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Does there exist a dynamic programming algorithm to find the longest subsequence in a string X that does not contain Y as substring? Just that this problem seems so similar to other DP string algorithms such as longest common subsequence and string. It must be able to handle occurrences of Y that overlap.

It seems that this might be a 2-state DP problem, with the state [s_pos, t_pos] being the longest subsequence of string S starting at s_pos that does not have sting T[t_pos..M] as a substring. N is the length of string S and M is the length of string T. However, my transitions are not correct: it does not get the case where S=aaabc and T=aabc. The problem is in the else statement - I don't know how to transition if the characters are equal. Actually I feel that the if branch is wrong... anyone know what could be wrong?

It even fails the case S=aaab and T=aab. I can explain why it fails: assuming I call solve(0, 0). solve(0, 0) calls solve(1, 1). solve(1, 1) calls solve(2, 2). Since s[2] != t[2], it restarts the search from solve(3, 0). However, aab is a substring and it never checks this or considers this case...

int solve(int s_pos, int t_pos)
{
    if (s_pos >= N || t_pos >= M) return 0;
    if (t_pos == M - 1 && s[s_pos] == t[t_pos]) return 0;
    int ret = 0;
    if (s[s_pos] != t[t_pos])
    {
        int tmp = solve(s_pos + 1, 0);
        ret = max(ret, tmp + 1);
    }
    else
    {
        for (int i = s_pos + 1; i < N; i++)
        {
            int tmp = solve(i, t_pos + 1);
            if (tmp != 0)
            {
                ret = max(ret, 1 + tmp);
            }
        }
    }
    return ret;
}
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1  
find all substrings Y in X and find the longest gap between them –  ratchet freak Mar 10 '13 at 18:25
    
what if they overlap? (the occurances) –  user83834 Mar 10 '13 at 18:27
1  
Looks too much an homework for my taste to give a full solution. Here is an hint: if you knew for a given position the longest subsequence until that position and the longest subsequence ending at that position, could you update that for the next position? –  AProgrammer Mar 10 '13 at 18:31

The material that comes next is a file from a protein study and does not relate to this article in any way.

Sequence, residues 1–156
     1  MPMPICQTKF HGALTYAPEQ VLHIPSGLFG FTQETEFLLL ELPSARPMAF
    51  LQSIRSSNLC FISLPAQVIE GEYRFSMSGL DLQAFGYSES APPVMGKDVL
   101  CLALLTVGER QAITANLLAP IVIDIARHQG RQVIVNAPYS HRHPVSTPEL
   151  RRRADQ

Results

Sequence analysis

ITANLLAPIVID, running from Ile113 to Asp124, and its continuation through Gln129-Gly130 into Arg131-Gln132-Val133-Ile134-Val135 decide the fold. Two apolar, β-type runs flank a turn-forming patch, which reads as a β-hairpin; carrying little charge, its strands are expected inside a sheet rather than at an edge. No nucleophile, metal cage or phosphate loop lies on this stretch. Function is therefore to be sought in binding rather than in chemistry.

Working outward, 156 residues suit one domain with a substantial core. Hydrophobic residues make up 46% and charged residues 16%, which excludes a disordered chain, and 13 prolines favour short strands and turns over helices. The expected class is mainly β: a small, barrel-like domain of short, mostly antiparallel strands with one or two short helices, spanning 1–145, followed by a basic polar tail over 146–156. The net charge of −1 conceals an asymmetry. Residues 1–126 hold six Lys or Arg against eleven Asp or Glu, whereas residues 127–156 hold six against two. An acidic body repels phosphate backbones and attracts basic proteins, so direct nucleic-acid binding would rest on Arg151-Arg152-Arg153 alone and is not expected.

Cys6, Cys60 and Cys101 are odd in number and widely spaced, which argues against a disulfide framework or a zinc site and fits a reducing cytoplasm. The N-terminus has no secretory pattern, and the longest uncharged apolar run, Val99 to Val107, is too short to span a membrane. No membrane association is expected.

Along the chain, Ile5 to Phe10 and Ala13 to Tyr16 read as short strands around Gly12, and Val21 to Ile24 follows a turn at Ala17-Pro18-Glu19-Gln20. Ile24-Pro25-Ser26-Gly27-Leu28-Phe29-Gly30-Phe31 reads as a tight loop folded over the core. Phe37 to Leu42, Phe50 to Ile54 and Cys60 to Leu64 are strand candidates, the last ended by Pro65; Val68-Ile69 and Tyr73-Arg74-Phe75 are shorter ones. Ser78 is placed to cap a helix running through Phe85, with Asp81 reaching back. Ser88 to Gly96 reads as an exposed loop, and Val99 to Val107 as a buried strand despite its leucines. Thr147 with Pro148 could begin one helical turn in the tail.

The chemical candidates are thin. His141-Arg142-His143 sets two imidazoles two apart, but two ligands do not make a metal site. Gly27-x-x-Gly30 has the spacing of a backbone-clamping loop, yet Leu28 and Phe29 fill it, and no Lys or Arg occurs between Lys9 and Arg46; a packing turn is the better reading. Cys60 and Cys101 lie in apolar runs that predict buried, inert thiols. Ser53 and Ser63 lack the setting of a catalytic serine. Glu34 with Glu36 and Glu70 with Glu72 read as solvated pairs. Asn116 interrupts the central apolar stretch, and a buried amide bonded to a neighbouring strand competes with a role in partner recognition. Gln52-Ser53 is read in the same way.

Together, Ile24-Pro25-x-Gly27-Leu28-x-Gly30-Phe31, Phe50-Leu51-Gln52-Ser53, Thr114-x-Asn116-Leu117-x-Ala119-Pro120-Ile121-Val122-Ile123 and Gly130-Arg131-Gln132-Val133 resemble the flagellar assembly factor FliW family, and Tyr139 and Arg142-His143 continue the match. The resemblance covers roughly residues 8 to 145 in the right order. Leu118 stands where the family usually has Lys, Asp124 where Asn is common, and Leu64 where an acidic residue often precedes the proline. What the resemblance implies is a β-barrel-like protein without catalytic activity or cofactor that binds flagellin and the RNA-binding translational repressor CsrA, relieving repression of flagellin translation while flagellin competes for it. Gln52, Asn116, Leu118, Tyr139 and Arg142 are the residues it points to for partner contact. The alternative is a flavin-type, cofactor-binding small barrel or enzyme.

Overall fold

@AProgrammer By next do you mean position i+1? –  user83834 Mar 10 '13 at 18:34
    
@ratchetfreak if X was OPPOPPO and Y was OPPO, there would be no gap. But the longest subsequence would be to ignore the middle O: OPPPPO. –  user83834 Mar 10 '13 at 19:11

3 Answers 3

This should do the trick. I wrote it in a meta code similar to basic.

LONGEST = ""
while N>0
  POS = find(T,S)
  if POS>0 then
    SUB = left(S,POS)
  else
    SUB = S
    POS = N
  endif
  if len(SUB) > len(LONGEST) then
    LONGEST = SUB
  endif
  N = N-POS
wend
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I think the main problem is your for loop inside the else statement, that then calls the function recursively.

Pick an approach, either recursion or iterate, but mixing them just seems wrong.

I would go with the iterative approach.

I would create an empty list outside the function.

Then call solve.

In this function try this approach:

Loop through the string: If the current character is not the start of the subsequence then put the character in a holding string. This will build up a string. If it starts the subsequence then add those characters to another holding string. Mark how many matches you have against the subsequence. One each character, if already matching against the subsequence, then look to see if it matches the first character, then if it matches the character at the next position to be matched. If it matches the subsequence then everything before that (in the holding string) is put into the list.

So, basically you need to track what may be a possible sequence that may win, and you need to track that a subsequence may be inside another subsequence.

You may need multiple holding strings, but implement a simple approach, with two holding strings, then go through various examples and write down what is happening in each step until you see if there is a need for another holding string.

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I think you need to treat the Y substring like a regular expression and transform it into a DFA. Then you pass the input through the DFA, tracking how long its been since you've had a match. It seems like a linear-time problem, assuming the size of the input is much larger than the complexity of the matching string.

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